Apple moves to stop ‘screen recording’ apps

Credit: Apple

Apple has confirmed it will look to crack down on potentially privacy-invading apps that have the ability to record every action a user takes on their screen.

It was reported last week by TechCrunch that many popular iOS apps have 'screen recording' technology that takes note of every swipe and tap a user makes when using them. This can later be used to create 'session replays' that allow developers to see exactly how people are interacting with their software.

The publication noted that companies across multiple sectors make use of this technology, including retailers, hotels, airlines and financial services providers.

Air Canada, Abercrombie and Fitch, and Expedia are among the familiar names that use solutions from data analytics firm Glassbox to do this, often without the user's knowledge or consent.

Although such tools are intended to offer developers insight into how their app is used and are supposed to block out any potentially-sensitive personal information, the report noted this does not always work as it is supposed to.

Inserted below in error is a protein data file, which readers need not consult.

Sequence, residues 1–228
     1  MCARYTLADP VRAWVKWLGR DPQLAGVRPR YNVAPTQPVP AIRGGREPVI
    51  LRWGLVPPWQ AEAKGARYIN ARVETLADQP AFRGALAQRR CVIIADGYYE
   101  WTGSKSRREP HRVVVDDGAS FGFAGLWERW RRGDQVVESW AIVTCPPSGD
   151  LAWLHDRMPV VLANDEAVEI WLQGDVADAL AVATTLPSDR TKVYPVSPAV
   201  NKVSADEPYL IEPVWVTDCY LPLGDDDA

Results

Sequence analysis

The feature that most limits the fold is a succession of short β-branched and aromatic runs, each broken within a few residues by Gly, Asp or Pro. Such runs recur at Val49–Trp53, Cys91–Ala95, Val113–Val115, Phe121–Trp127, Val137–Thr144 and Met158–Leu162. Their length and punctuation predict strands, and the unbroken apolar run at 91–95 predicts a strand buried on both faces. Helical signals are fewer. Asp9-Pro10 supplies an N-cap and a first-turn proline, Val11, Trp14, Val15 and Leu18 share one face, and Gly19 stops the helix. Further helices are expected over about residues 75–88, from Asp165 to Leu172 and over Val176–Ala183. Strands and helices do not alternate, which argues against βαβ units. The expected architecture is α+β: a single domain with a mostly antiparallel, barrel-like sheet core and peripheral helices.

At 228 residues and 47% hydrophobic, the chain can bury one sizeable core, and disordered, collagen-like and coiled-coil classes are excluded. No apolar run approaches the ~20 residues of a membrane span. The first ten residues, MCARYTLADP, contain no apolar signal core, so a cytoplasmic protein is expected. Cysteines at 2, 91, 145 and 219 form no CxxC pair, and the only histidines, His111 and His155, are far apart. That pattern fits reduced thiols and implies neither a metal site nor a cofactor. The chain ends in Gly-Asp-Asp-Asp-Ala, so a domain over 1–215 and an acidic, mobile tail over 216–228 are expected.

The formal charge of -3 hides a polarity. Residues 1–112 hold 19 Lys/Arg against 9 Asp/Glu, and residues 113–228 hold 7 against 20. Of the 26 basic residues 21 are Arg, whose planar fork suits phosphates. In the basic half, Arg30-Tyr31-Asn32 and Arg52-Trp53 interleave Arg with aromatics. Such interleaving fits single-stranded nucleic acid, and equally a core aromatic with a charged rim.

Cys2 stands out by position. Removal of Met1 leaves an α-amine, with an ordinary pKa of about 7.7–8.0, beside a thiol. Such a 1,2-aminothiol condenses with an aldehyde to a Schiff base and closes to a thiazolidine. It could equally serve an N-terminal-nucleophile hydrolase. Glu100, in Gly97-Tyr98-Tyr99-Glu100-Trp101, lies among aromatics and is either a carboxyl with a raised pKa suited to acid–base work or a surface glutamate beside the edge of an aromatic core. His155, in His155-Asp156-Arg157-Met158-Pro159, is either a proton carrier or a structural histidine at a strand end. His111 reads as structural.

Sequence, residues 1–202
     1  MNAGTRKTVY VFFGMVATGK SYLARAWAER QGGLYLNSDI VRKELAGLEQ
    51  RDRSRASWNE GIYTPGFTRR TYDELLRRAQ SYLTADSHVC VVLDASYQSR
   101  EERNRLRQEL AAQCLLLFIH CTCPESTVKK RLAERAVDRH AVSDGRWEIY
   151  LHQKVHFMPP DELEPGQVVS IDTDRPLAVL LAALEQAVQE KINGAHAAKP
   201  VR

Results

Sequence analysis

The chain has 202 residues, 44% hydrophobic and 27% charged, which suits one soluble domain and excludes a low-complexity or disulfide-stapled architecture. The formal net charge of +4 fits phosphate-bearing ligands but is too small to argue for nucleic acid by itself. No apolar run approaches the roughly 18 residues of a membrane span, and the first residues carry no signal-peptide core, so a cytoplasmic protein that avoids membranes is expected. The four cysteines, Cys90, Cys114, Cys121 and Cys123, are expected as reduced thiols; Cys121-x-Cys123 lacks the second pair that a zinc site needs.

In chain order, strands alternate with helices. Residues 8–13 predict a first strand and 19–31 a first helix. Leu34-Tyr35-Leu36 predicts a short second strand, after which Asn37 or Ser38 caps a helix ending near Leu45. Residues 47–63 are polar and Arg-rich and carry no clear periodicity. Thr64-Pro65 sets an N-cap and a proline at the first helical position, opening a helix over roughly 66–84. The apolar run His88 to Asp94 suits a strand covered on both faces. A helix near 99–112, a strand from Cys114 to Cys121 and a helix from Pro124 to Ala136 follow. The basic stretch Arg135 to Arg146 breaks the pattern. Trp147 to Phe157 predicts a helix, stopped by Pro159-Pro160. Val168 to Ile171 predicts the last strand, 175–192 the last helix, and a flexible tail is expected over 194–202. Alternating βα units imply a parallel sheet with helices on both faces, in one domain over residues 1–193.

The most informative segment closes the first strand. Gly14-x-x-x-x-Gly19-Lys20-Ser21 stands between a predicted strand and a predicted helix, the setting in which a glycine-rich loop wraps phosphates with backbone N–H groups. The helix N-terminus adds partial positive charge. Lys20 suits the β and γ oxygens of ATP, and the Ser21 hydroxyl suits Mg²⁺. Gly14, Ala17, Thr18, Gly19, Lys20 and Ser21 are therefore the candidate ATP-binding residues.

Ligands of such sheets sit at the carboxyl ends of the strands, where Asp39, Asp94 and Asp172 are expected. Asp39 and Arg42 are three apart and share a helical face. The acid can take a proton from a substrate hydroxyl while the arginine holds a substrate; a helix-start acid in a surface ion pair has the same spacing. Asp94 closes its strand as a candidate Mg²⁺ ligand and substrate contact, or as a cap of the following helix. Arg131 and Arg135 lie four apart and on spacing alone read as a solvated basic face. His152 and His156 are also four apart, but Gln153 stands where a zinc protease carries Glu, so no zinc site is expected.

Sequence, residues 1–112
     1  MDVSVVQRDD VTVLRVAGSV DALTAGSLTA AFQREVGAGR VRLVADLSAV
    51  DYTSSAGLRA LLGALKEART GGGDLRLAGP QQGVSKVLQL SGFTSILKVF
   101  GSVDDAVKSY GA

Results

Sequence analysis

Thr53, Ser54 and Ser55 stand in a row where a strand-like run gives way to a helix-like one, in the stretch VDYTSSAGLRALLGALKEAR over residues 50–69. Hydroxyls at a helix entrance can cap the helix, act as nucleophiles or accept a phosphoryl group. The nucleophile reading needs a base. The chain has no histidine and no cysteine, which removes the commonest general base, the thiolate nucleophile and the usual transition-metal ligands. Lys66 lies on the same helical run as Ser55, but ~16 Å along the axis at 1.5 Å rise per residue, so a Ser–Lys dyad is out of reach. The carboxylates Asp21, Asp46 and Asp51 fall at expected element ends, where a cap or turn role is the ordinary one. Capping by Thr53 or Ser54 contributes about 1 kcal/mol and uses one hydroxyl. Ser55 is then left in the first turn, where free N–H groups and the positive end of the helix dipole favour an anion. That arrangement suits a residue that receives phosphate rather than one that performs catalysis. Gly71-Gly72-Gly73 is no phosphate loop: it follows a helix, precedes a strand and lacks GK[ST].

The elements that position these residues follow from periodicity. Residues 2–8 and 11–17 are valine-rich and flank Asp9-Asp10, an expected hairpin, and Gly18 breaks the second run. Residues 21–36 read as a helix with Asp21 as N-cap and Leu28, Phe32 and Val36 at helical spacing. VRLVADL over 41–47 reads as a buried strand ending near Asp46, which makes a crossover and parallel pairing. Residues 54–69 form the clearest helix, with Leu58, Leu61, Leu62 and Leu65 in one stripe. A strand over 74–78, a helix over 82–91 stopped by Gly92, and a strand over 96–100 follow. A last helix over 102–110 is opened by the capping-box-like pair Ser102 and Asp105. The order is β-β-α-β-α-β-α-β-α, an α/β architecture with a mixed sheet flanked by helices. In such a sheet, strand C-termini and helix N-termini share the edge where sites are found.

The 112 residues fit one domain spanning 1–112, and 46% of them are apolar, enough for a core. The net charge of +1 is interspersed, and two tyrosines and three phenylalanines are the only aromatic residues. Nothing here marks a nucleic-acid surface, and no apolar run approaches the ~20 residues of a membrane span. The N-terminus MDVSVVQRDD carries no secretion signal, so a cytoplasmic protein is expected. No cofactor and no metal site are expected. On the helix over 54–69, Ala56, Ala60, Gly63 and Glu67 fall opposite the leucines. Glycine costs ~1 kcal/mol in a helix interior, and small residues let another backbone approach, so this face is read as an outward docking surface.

For instance, mobile expert App Analyst found that Air Canada's iPhone app was not properly masking session replays when they were sent back.

"This lets Air Canada employees – and anyone else capable of accessing the screenshot database – see unencrypted credit card and password information," App Analyst said.

In response, Apple has reminded developers that they must disclose the use of such technology clearly to consumers, or remove any screen recording code from their apps.

A spokesperson for the tech firm told TechCrunch: "Our App Store Review Guidelines require that apps request explicit user consent and provide a clear visual indication when recording, logging, or otherwise making a record of user activity."
 
They added the company has notified developers that have been identified as violating these privacy terms. Indeed, TechCrunch noted that one developer was given less than a day to remove the code and resubmit their app, or face the prospect of it being banned from the App Store.